Friday, June 8, 2018

Knit a Tree House

Knit a tree house? Why not?
- rope from Lowe's (not thick or slick). I used four 100-foot packages.
-Two branches on your chosen tree that are 5-6' apart
-broom or piece of bamboo, or two if you prefer to use a broom to do the knitting
-people and children

Start with the rope:

 To start, you will need loops on your first branch. I "cast on" using the backwards loops method. First, I tied the end around the branch, loosely, and made several knots to secure this loop to the branch. Casting on is basically wrapping the cord around the tree once, then bringing the cord back through the loop you just made.

Keep doing that until you have as many stitches as you like. We had 17 stitches.

Casting on completed!

To start knitting, make a loop, then pull it through the first loop on the branch. Put this loop on your left arm. 

Continue to make loops, taking the cord from the roll, and putting them on your left arm.

Here you see the "live" stitches on the left arm of my daughter.
To change colors, simply tie on. I leave a long tail and tie several knots in place for extra security. I'm sure you could fuse the cord together with a woodburner but we were too far from the house.

 Once you have all the stitches on your left arm, then you use your right arm to loop the cord through and turn and go the other way. We divided stitches between my daughter and me and our neighbor and used all six arms to knit. Soon, they tired of this and so I was able to put them on my arm then transfer the stitches to a broom to finish solo. Last summer, I did this in my camp and assigned each person a stitch. This was great teamwork and cooperative play, for we all had to snuggle in very close, wait our turn, laugh and giggle, and help each other keep track of the loop. I hope to chronicle a treehouse knitting like that soon. It really is great fun.
After awhile, it was long enough! I then climbed the tree, too the end and tied cord through the loops on the broom, 4-5 at a time, to secure the end to the next branch. It wasn't rocket science, just tying it on tight enough and repeating it enough to be secure.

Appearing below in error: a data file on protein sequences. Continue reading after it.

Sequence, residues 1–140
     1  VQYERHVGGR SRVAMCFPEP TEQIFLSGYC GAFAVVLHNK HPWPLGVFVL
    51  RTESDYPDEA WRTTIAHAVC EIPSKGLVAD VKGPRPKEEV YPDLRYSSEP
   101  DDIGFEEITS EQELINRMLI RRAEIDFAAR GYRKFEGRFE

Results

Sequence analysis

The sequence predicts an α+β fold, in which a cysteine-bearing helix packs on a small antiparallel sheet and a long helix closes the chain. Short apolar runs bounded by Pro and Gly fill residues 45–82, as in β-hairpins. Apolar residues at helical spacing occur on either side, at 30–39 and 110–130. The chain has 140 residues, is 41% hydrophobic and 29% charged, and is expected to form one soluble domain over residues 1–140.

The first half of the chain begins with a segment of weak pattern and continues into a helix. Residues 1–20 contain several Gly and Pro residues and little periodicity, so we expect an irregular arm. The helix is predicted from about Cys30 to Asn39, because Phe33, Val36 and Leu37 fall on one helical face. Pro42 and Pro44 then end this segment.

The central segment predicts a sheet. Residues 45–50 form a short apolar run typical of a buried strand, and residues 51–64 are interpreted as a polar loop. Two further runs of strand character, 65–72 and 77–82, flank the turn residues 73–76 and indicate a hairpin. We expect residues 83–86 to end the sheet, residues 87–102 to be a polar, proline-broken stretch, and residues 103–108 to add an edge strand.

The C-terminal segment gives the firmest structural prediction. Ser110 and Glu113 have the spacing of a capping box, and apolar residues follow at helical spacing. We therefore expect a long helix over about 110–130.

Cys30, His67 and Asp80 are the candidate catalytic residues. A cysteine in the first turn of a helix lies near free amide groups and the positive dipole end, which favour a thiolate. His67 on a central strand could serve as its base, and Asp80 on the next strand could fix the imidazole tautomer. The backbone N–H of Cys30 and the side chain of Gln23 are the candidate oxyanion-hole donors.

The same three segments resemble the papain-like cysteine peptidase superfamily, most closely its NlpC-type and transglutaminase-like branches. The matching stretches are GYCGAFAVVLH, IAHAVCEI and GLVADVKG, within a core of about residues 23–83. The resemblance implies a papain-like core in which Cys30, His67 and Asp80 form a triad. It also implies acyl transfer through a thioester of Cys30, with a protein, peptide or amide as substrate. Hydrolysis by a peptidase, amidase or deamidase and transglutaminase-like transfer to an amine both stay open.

And now time to use the treehouse!

 Davis tried not to smile and insisted on not smiling.

 But he sure did spend a lot of happy time in his new treehouse!

The treehouse is a place my kids go to often when they want to be alone, and also when they want to be social and climb a tree. They read books there, use it to climb higher, and sometimes just hang in peace. It's movable and versatile.

Knitting and the Triune Brain

There they are, knitting needles and yarn, materials that bear within their design a whole history of humanity. Who thought to create smooth sticks so that a choreography of yarn could be developed that produced items for survival? Who thought to twist plant or animal fibers into yarn and rope?
But today, although that history might be long past, the hands seek to move, to make, to connect. Perhaps in our digital world, it is even more important to consider the gifts of knitting and of using our hands.
We live in a world that limits our human impulses for motion, movement, and invention. We live in brains that respond accordingly. Looking at the triune brain model, we can see how knitting helps develop key areas of our humanity that might be missing in modern life.

Reptilian Brain:
Our reptilian brain processes are responsible for those things that keep us alive: breathing and our heart beating regularly. The name of the game is survival.
Picking up a pair of knitting needles relaxes you. There are no threats. Your breathing and heart rate soften and regulate. You are making perhaps a hat or a sweater to wear, to clothe your body, to care for yourself or someone else. This is survival at its most basic level. Knitting is a rhythmic activity that mirrors the rhythm of body processes.